This may be "old news," dating back almost two weeks, but since Worldchanging Chicago has just gone live, some rehash of old news is warranted.
The City of Chicago's Household Chemicals & Electronics Recycling Center (HCERC) has officially opened for business. The city has done a good job of having regular drop-off days in various locations around the city for the past several years, but now they are collecting twice a week instead of twice a year. The facility accepts oil-based paints and aerosol paint cans, solvents and paint thinners, used motor oil, gasoline and antifreeze, herbicides, insecticides and pesticides, drain cleaners and cleaning products, pool chemicals, hobby chemicals, and materials containing mercury, household batteries and fluorescent bulbs.
So, Chicagoans now have a regular time and place to drop off hazardous chemicals, old paint, and E-waste. That's great for keeping these materials out of our landfills, but is it really Worldchanging to have somewhere to drop off trash? Pardon the pun, but for the answer to that we'll have to dig a little deeper.
The first thing to look at is the location itself. The new facility is on the former site of an animal incinerator (ICCR Facility ID 170311884, sporting a Basic Envirotech, Inc. Model 1500 Combustor, built in 1983 according to data from the EPA) that used to emit a ton of carbon monoxide and four tons of PM10 annually. This brownfield site in an industrial area on Goose Island, on the North Branch of the Chicago River, was repurposed by CDM with an "emphasis on reuse and environmental friendliness" which included reusing the existing structure, with interior walls constructed from the aluminum siding that used to enclose a portion of the exterior of the building, and incorporating features such as a green roof and bioswales that will help prevent stormwater runoff that could contain potential hazardous pollutants from flowing directly into the Chicago River. Instead of using a new, clean site to build a hazardous waste facility, an old, dirty site gets a little cleaner. Not glamorous, not an amazing (incredibly expensive) reclamation of a toxic site to become a nontoxic park, but sensible, sustainable development of a dirty site into something that isn't quite so dirty anymore.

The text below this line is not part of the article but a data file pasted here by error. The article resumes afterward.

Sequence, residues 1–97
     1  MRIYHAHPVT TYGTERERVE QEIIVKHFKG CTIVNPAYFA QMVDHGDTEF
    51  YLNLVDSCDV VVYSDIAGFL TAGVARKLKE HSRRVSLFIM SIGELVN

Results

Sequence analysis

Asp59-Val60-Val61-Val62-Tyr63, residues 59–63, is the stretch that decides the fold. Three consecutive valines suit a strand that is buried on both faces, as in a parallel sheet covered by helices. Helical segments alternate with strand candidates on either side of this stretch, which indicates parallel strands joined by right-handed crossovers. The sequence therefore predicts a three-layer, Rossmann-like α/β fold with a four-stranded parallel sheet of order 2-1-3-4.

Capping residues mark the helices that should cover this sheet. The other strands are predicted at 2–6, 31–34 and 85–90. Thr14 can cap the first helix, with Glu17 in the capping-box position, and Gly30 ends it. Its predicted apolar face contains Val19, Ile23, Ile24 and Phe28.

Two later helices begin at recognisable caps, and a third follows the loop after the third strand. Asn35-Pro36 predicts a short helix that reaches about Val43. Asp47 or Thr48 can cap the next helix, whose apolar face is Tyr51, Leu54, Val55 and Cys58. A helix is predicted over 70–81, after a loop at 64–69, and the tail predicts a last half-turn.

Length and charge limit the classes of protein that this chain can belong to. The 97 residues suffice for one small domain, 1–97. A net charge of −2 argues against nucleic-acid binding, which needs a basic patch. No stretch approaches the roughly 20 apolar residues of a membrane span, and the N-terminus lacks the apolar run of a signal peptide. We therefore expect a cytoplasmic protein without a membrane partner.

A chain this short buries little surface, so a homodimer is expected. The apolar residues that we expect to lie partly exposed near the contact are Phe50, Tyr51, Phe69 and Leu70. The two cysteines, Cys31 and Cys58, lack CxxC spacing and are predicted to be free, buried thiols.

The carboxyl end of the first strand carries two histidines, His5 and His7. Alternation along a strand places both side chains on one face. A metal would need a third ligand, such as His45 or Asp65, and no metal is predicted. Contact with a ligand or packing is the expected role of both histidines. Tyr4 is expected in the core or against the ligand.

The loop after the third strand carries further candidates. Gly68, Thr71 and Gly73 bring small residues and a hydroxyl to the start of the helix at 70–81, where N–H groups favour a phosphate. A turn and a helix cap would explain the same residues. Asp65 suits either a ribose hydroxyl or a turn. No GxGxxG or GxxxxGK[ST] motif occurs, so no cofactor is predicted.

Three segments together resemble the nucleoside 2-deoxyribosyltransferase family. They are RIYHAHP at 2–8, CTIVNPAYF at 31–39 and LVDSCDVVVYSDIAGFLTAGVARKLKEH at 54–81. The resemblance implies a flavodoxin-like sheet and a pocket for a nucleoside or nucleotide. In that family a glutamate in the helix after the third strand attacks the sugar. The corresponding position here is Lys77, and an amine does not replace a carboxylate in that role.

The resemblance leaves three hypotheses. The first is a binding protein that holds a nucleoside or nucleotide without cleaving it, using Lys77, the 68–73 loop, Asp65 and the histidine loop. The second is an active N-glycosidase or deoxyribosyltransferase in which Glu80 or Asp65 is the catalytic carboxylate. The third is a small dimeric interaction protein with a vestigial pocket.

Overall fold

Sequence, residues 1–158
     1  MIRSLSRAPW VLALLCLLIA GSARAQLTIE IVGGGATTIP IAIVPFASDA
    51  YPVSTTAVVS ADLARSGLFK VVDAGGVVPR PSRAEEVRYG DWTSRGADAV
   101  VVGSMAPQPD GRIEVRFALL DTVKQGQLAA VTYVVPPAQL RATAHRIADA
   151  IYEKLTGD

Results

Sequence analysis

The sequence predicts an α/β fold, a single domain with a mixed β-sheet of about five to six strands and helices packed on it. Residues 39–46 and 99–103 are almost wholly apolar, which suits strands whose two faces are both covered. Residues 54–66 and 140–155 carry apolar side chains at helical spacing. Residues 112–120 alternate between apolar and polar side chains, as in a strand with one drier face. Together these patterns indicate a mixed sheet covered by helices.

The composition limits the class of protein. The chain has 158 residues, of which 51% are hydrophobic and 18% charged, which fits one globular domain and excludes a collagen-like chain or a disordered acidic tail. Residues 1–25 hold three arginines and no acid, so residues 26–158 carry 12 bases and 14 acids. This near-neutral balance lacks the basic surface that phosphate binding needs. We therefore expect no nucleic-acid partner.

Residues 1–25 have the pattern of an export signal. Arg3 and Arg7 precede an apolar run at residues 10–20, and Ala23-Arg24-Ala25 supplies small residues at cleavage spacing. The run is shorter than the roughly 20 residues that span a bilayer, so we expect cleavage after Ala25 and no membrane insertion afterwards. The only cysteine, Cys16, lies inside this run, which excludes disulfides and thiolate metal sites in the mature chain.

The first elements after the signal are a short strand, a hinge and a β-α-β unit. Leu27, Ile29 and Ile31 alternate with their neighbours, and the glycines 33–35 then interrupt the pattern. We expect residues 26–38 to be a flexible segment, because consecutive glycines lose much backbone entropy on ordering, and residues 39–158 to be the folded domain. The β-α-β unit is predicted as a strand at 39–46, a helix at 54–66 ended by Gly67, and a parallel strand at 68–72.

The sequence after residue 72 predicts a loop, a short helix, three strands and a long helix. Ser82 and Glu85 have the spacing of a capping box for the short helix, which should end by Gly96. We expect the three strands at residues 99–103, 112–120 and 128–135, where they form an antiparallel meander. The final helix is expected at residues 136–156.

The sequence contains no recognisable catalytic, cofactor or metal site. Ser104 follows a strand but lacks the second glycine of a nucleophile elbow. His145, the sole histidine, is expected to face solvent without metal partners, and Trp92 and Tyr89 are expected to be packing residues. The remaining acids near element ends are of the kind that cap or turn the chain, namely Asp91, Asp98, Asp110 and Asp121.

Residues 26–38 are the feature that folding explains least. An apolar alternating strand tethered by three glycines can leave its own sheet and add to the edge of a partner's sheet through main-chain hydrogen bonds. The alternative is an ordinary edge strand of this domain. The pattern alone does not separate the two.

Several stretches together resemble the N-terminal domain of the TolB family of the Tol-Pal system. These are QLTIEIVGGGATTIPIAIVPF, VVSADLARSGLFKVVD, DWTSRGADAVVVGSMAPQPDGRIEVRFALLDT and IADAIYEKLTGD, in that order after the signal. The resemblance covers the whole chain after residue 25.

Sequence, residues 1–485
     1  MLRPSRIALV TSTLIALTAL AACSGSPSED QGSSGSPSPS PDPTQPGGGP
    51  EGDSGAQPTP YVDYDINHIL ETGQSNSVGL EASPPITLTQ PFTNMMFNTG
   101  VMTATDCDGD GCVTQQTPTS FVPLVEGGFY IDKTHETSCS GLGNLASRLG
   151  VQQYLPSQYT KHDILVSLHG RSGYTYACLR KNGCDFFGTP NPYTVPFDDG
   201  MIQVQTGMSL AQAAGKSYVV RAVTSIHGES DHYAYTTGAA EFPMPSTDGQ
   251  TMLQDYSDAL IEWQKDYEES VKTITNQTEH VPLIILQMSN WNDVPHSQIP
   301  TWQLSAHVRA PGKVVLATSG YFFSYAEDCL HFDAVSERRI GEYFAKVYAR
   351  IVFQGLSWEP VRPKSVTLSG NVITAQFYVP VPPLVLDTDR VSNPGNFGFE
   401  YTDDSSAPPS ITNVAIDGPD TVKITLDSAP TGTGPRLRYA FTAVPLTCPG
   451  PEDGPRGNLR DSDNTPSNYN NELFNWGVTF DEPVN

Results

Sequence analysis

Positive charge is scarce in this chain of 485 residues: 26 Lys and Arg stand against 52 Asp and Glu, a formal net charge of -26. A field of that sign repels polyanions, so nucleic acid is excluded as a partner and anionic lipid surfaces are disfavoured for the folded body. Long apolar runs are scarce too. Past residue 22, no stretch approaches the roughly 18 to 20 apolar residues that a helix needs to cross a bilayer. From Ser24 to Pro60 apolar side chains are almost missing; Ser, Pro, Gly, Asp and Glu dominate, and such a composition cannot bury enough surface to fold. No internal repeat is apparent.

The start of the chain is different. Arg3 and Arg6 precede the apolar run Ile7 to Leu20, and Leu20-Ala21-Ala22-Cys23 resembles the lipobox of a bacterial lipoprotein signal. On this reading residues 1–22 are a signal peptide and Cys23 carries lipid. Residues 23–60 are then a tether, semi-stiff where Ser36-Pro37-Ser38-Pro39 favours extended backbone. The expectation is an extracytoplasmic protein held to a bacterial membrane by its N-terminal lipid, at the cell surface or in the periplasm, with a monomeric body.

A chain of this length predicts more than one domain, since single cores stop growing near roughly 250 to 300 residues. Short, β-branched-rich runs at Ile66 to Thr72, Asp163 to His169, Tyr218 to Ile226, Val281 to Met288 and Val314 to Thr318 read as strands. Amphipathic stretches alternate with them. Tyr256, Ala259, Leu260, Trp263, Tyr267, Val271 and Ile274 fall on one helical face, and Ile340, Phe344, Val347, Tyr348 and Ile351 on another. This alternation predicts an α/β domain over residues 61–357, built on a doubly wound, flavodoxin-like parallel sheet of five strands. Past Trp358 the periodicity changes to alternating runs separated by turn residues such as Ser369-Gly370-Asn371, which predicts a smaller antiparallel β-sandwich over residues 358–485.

The environmental benefits of this facility are enough to make the project worthwhile, but the story still gets better. The Center will provide an 11-week training program in electronics recycling for ex-offenders that will help prepare them for jobs in the growing electronics recycling industry, which has recently been spurred on by Gov. Blagojevich's announcement of mandatory e-waste recycling for all state government agencies. Working computers reclaimed through recycling will be donated to schools and low-income families.
And, maybe the most "fun" aspect of the Center: not only can you drop off you old paint, but you can also go there to help yourself to the paint that other people have dropped off.
Lest the readers in the "collar counties" and downstate get jealous of our new recycling center, I should remind you that there are lots of options for getting rid of electronic waste properly in the rest of Cook County, and the rest of the state and the region as well.
(And, of course, when you drop off items to be recycled, you can still get a free roll of blue recycling bags for as long as supplies last or until they finally finish replacing that recycling program with one that works.)